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Beekeepers look after beehives in apiaries and produce honey, wax, pollen and other products for sale to the public. Beekeepers also provide pollination services to horticultural and seed crop producers.


Tasks & duties

Beekeepers' tasks vary depending on the season. In spring (breeding season) they:

  • check the food supply, health and laying ability of the queen bee
  • check beehives to prevent swarming
  • breed replacement queen bees
  • provide a pollination service by renting hives to orchards and farms
  • collect the hives when the flowering period is over

In summer they:

  • visit apiaries and place boxes on hives to prepare for honey production

In autumn (harvest time) they:

  • shake bees off combs or use a blower and collect the honey
  • extract honey from the comb using machinery at the honey house
  • send the honey away in drums for further processing into retail packs
  • store empty boxes away until the next summer
  • may collect other bee products, such as pollen, propolis (an antibiotic gum or resin) and wax
  • may collect and package bees for export
  • feed hives to ensure that they have sufficient food until spring

Throughout the year they:

  • check hives for diseases such as the varroa mite or American foulbrood (AFB)
  • treat hives for the varroa mite, or destroy diseased bees and hives that have AFB
  • inspect hives using hive tools and a smoker
  • build and repair hives, although they mostly do this in winter
  • divide colonies for replacement or increases in bee numbers
  • run the business and keep records
  • repair mechanical equipment
  • test for active honey, which has antibacterial qualities and is used for health reasons 
  • may analyse and test micro-organisms or send them away to be analysed
  • may be involved in retailing, processing and packing honey


Skills & knowledge

Beekeepers need to have:

  • thorough knowledge of the yearly cycle and habits of bees
  • good bee-handling skills so they know when and how to approach bees
  • knowledge of plant types and life cycles, and how and when plants produce nectar
  • skill identifying bee disease, and knowledge of methods of disease control
  • knowledge of how to introduce a queen bee into a colony
  • knowledge of how to assess the quality of, and handle bee products such as honey, pollen, royal jelly and propolis (an antibiotic gum or resin)
  • carpentry skills for building and repairing hive boxes
  • mechanical skills for repairing equipment
  • understanding of environmental issues
  • good communication skills
  • ability to drive vehicles and machinery such as trucks, tractors, quad bikes and fork-lifts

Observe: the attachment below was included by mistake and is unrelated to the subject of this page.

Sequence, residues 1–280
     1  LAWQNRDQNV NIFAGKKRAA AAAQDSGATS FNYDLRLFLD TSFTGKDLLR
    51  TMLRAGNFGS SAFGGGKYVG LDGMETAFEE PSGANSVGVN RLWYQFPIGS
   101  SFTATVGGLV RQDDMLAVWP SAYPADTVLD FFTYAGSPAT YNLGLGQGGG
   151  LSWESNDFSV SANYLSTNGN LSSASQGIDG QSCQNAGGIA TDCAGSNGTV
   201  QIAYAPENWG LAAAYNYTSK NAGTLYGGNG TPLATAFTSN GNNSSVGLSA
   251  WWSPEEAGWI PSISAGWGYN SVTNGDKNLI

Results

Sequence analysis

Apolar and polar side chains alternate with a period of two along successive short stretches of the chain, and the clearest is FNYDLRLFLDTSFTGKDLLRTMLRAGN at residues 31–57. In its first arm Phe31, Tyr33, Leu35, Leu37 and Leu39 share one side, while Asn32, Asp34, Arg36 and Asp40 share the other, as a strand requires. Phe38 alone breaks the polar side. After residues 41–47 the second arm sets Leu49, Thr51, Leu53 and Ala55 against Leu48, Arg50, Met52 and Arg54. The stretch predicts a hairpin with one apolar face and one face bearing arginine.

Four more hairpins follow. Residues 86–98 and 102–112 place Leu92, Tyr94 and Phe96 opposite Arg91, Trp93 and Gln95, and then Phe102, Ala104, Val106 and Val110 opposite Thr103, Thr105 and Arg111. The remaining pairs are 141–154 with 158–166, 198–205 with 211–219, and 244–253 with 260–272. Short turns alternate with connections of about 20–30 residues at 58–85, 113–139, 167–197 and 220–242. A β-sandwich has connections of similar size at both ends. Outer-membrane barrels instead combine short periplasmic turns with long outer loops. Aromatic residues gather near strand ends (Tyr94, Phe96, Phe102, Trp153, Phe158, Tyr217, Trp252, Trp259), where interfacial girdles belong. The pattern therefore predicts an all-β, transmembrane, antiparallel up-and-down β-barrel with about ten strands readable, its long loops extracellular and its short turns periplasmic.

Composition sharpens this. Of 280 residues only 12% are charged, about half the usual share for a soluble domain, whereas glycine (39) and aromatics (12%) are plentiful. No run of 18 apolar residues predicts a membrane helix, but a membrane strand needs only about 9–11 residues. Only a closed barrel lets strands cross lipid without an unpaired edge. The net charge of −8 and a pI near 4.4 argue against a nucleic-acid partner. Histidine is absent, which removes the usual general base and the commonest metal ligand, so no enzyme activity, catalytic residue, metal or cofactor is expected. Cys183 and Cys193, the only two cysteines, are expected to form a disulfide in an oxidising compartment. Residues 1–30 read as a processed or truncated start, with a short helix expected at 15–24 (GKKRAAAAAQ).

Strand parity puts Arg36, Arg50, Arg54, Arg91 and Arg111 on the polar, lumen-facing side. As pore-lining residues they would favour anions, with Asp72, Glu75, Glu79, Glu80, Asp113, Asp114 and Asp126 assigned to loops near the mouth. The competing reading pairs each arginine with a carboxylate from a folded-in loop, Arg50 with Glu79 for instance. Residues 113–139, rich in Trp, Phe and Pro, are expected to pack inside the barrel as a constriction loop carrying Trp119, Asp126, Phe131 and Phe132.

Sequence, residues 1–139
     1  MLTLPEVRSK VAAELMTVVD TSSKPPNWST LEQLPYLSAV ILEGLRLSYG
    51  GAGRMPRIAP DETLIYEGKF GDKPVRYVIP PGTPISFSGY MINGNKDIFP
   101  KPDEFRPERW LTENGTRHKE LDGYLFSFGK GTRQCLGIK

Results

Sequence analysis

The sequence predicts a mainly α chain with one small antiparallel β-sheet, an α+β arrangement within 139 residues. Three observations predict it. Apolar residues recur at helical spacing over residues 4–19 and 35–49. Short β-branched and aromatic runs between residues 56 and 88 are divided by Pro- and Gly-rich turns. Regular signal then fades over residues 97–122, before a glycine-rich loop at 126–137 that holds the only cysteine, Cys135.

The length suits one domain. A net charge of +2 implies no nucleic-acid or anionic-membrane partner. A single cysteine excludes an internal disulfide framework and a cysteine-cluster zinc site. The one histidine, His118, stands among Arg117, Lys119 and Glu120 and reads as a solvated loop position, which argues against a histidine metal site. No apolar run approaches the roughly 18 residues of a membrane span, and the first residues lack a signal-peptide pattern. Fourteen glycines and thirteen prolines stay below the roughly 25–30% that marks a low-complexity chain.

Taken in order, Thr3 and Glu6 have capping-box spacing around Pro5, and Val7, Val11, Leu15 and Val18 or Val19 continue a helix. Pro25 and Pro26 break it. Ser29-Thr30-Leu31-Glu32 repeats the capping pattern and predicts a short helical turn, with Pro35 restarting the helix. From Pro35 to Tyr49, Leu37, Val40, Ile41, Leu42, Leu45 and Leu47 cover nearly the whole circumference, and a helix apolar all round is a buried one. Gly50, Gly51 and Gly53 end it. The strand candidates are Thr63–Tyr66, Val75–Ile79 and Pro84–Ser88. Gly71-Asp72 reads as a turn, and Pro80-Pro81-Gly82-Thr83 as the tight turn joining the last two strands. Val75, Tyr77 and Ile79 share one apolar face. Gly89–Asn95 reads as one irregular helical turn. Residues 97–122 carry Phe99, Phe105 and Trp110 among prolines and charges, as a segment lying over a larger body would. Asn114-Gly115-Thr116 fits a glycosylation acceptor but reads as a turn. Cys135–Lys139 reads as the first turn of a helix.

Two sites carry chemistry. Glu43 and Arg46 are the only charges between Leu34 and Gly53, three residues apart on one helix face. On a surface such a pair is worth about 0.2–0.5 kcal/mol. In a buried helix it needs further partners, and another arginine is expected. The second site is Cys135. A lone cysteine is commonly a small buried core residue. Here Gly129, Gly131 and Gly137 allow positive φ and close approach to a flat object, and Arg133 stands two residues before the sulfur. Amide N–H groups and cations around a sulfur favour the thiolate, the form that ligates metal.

They also need to have marketing or business skills if they sell their own products or manage a business.


Entry requirements

To become a beekeeper all that is needed is a natural interest in bees and honey production. However, tertiary courses in beekeeping will improve employment prospects, and are available by full-time study or distance learning. 

Many employers require their beekeepers to have a driver's licence and a Heavy Trade (HT) licence so they can drive trucks for shifting hives and carting supplies.


Secondary education

There are no specific secondary education requirements for beekeepers, but useful subjects include maths, biology and science.


Training on the job

Beekeeping skills can be learned on the job. Employers may support their beekeepers to complete Disease Elimination Conformity Agreement (DECA) training, to make sure they can recognise American foulbrood disease. They may also support them to gain heavy trade and fork-lift licences.

Beekeepers keep up to date with developments in the industry by attending conferences, field trips, and reading agriculture magazines.



Anyone can keep a beehive, but each apiary site must be registered with AsureQuality. Some urban authorities may have restrictions on beekeeping in their council areas.

DECA training is not mandatory, but nearly all beekeepers are expected to be DECA registered. DECA sets out a code of beekeeping practice to ensure that the incidence of American foulbrood disease in a beekeeper's hives will reduce to zero over a period of time and remain at that level once achieved.

Those who are not DECA registered are considered unapproved beekeepers and must have their beehives inspected once a year by an approved beekeeper. If there are no problems, they are issued with a certificate of inspection.


Useful experience

Keeping bees as a hobby, attending beekeeping courses or joining the local beekeepers' club may be a good introduction to beekeeping. Carpentry or other woodworking experience may also be useful.




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Related courses

Agricultural Science


For more information, please refer to Career Services.

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